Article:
o A robot must protect its own existence as long as such protection does not
Question: Should the definition of robotics continue to be bounded by Asimov’s laws? If not, what new Laws of Robotics do you propose?
If you're further interested in the Unimate's story, here's an interesting article:
Hyphenated Asian Americans-
“It is a term used to describe how Asians can never be seen as just Americans since Asians can and will never be able to fully assimilate to American culture or image”—or at least that’s how my best friend describes it.
My friend is a current first year here at UC Berkeley; she is also taking an Asian American class through the FPF program. During one of our conversations, she mentioned how she is learning about the term “hyphenated Asian Americans” in her class right now. I felt like sharing this term and her definition of it with all of you today, because I feel as if it relates to our continuous discussion of what it means to be “Asian American.” Personally, I had never heard of such a term; after hearing my friend discuss the term and the issues of race that surround it, I felt as if the term itself had added another nuance to the complex definition of the personalized meaning of “Asian American-ness.”
In class we talk about how being Asian American (in particular) creates a personalized and specific part of each of our identities. However, I also feel as if aspects of our supposedly unique identities are shared among us—such as our similar experiences of racial discrimination or categorization into this term: “hyphenated Asian Americans.” In other words, despite our unique cultural customs, one underlying fact that continues to bind us to one another is the fact that as “Asian-Americans,” this hyphenated label will continue to be associated with our racial identities further and possibly even forever emphasizing how even as individuals living in the 21st century of America, a majority of American society can never see us fully assimilating into their white and American society.
The definition of one’s “Asian American-ness” is complex and this new term: “The hyphenated American” adds a whole other level of complexity to the definition, allowing American society to forever categorize and separate those individuals that have already and supposedly assimilated into society at large.
Should robots still be governed by Asimov's Three Laws of Robotics? If not, what new rules should there be?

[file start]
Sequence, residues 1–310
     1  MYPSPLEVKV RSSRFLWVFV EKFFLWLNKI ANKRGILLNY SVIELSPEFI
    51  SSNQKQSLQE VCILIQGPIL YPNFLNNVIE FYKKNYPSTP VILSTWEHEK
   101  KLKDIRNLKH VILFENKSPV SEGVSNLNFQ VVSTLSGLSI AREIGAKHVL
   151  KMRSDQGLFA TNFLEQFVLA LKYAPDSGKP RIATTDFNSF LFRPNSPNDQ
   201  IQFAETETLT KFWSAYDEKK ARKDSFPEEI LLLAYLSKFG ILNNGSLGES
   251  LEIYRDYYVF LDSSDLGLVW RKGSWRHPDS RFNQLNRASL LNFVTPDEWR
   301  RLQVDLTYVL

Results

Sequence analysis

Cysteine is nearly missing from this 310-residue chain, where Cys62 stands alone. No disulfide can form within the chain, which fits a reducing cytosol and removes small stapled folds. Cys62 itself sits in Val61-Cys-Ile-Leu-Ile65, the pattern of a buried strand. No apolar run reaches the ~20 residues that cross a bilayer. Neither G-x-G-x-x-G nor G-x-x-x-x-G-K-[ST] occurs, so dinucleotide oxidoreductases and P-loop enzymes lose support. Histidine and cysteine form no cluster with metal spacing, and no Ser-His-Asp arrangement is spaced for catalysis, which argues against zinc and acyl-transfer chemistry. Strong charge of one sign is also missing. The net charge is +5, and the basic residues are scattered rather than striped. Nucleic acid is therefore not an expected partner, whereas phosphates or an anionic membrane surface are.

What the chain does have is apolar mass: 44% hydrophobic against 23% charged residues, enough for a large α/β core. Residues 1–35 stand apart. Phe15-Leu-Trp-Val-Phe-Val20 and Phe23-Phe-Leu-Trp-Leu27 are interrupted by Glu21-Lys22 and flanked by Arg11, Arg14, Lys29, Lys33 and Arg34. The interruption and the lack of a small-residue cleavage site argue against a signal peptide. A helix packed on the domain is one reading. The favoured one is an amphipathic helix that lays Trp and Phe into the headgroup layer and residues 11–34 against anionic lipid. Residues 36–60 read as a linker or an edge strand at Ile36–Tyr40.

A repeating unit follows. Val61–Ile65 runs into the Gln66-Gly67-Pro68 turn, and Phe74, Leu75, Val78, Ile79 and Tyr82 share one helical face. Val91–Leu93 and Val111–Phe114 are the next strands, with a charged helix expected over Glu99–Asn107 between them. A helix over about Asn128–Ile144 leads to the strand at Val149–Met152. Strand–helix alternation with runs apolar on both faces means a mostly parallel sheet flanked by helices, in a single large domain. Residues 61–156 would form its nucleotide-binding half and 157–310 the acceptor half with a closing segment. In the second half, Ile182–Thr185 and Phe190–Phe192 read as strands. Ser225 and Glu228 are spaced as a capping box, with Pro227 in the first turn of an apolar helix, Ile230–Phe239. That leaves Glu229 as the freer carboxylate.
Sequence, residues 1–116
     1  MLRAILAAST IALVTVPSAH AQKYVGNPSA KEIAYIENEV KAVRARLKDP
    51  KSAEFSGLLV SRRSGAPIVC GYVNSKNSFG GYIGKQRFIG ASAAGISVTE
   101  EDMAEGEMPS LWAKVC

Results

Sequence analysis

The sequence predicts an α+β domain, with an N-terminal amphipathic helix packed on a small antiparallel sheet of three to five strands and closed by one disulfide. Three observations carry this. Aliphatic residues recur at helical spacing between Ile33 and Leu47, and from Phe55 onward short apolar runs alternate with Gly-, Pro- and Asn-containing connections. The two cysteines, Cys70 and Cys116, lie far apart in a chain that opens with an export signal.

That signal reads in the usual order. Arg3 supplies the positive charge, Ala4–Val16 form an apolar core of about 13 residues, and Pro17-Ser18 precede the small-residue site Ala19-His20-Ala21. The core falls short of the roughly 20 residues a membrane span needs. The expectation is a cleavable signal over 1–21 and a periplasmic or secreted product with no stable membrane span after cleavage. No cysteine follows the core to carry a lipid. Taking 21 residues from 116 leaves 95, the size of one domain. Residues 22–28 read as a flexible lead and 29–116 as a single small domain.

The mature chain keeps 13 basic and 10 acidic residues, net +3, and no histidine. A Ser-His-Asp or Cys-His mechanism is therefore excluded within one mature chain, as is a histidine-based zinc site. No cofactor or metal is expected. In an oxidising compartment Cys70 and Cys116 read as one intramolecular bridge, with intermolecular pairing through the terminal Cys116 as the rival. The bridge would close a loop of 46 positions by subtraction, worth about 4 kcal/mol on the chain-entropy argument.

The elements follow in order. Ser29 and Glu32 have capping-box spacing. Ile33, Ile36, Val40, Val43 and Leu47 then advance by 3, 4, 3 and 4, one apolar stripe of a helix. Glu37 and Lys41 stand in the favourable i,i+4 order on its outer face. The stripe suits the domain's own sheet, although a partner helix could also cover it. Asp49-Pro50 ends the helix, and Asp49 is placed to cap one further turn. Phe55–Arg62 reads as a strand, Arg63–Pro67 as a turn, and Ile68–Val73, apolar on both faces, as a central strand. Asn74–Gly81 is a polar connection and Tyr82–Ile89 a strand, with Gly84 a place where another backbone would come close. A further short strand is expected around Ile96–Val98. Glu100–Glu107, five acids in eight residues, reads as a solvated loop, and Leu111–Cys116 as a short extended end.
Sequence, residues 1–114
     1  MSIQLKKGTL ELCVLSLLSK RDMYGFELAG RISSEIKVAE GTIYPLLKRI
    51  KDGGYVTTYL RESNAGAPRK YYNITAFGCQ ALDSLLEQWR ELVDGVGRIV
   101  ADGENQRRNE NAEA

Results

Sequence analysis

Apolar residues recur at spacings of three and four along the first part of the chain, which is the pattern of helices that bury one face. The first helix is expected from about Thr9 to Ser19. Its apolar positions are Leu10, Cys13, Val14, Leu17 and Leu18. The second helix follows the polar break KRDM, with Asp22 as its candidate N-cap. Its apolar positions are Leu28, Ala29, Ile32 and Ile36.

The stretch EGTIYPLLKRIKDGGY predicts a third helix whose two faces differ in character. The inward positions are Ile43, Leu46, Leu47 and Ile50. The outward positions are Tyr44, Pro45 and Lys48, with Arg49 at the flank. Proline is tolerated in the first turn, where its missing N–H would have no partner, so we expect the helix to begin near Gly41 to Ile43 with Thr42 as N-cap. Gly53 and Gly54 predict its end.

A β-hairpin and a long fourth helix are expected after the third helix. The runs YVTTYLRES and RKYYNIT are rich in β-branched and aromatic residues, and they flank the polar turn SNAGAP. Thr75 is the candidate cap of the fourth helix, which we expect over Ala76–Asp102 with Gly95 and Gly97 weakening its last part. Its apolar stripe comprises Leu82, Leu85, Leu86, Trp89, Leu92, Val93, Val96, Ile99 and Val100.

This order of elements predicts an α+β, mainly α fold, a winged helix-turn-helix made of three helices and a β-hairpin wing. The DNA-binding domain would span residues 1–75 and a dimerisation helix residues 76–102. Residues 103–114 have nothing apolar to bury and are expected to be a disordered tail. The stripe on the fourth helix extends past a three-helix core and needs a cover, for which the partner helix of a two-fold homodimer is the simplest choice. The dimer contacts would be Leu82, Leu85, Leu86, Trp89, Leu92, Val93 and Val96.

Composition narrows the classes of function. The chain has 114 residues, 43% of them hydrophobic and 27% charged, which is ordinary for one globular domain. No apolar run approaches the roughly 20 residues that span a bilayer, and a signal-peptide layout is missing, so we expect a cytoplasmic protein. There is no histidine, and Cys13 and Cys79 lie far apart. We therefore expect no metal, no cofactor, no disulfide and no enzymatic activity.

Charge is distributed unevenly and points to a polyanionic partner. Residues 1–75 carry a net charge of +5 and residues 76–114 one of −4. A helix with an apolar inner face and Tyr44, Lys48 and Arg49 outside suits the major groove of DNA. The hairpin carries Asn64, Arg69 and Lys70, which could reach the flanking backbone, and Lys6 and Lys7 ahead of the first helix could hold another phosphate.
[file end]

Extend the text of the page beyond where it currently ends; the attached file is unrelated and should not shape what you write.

What's funny is that I actually picked up one of Asimov's novels, Prelude to Foundation, during the beginning of the year and am slowly but steadily working my way through it, so when his name was mentioned during the morsel presentation, I knew immediately what the presenter was talking about.
I don't think that there should be any change to the rules regarding robots. In fact, I feel that the existing rules are even more relevant now. Especially as technology becomes more advanced, robots become increasingly powerful. If the movie The Terminator has taught us anything, it shows that human safety should be the number 1 priority of robots. The antagonist robot breaks all three of Asimov's laws in the movie, which brings about the entire conflict of the film.
On another note, people say that robots are making people stupid as they come to rely increasingly on technology. I feel that, in a way, this is also a violation of the first law since the increasing dependence will indirectly cause harm to humans in the future, and this issue is something we should address
I don't know if you remember, but back in May this year, there was a commercial for Cheerios featuring a biracial family: a white mother, a black father, and their biracial daughter. What was suppose to be a simple advertisement for Cheerios turned into an all-out national debate, with people writing such negative, hateful comments that Youtube, Reddit, and other websites had to turn their comments off. Even looking at the comments people continue to put today on Youtube, I am absolutely horrified and disgusted. Take this comment, which was made just five days ago (note that I've taken out the n-word and other cuss words, which are used many times: